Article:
I think that now, we’re willing to pay Paris Hilton an enormous amount of money, just so long as she behaves like an idiot on film. And I think that most successful reality shows that have involved celebrities, who are no longer going on cattle-calls to be in sitcoms, are going on cattle-calls to be in reality series. And the ones that they choose to pick are the ones whose lives would be the most manifestly dysfunctional.
So I think that what you see now is an adversarial relationship between the audience and the celebrities themselves. The celebrities are rewarded out here for maintaining a certain political posture. And so, the more they talk up left-wing politics, the more they are going to warm up to the hiring infrastructure.
Hollywood is the one place where affirmative action really couldn’t work. If a casting director wanted to pick a black person who’s pregnant, who’s 32 to 33 years of age, they’re allowed to. You’re not allowed to do that kind of thing in the real world. And if you’re Woody Allen, you’re not going to get sued if you hire the same ten actors for all of your movies.
When Hollywood claims that there isn’t a blacklist, or there isn’t a chill, for people who disagree with them, well, you try being a conservative who has to appease the casting director, and appease the director and the producer, and the other actors that he or she is going to have to spend time with on a set, for three months at a time if it’s a movie, in close confines.
The disconnect is so great, that a George Clooney with his Good Night And Good Luck, is yet another Hollywood produced film that is conspicuously placed out there in the era of terror, in which the celebrities think that the Patriot Act and raw patriotism and jingoism is the worst thing that’s altering our lifestyle.
They’re trying to show that celebrities who pipe up on the War on Terror, who get hell on AM talk radio are experiencing the same type of backlash. Hollywood stars who speaking out want to present themselves as being martyrs of the “George Bush Terror Age.” But these people have to understand—or it has to be made plain to them—that they have created an environment in which it is as damaging to be a conservative in Hollywood in 2005, as it was to be a communist in Hollywood in 1955.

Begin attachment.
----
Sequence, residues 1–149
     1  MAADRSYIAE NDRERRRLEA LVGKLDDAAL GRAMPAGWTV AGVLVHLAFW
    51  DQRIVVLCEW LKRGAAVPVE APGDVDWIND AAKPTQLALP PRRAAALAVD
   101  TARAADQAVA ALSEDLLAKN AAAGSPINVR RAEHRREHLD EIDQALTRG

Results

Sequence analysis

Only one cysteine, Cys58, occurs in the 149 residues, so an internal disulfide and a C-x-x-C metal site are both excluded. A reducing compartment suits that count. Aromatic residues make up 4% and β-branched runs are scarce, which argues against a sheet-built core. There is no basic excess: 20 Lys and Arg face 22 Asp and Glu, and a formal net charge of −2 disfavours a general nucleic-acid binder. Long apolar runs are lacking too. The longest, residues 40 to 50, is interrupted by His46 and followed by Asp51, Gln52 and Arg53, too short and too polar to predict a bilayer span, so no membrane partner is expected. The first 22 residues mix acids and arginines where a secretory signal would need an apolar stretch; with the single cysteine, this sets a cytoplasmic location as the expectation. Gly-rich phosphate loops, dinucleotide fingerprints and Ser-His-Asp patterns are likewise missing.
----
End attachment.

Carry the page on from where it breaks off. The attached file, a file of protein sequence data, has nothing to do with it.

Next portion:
My father-in-law was blacklisted, and will attest to that. He’s still an actor in Hollywood, and he says that he has to be so quiet about being a conservative, that it’s more painful than it was when Ed Sullivan called him up and said that you couldn’t be on the Ed Sullivan Show.
Ed: Andrew, last question. Narnia is coming out at Christmas time. There’s talk that Bruce Willis is going to do a film that’s pro-Iraq War. Is there any hope that there will be more movies that appeal to Red State audiences, or is it just going to be pretty much more of the same going forward?
Andrew: There are some bright spots out there. I think that the brightest spot would be finding out that there are more conservatives making films that are just neutral topics, and are just making films to be just making films so that it can be completely integrated.
So that the idea of there being a niche market? OK, you’ve got your liberal Hollywood message films. Conservatives, start making yours, and let it compete out there the way that AM talk radio and Fox News and the Internet are competing with CNN. That certainly can happen, and I see a market need for something like that. But I think that ideal situation would be that there are liberals and there are conservatives in Hollywood who make films and who make sitcoms, and make product. I just don’t like this constantly stratified media, and if that happens in the film world, and you’ve got your Air America productions on the one hand, and you’ve got your Rush Limbaugh products on the other hand? We have our different media where we like to get things, but movies are one of the last places where we have a shared collective experience, and I think it would be horrible to think that there were ideological ghettos.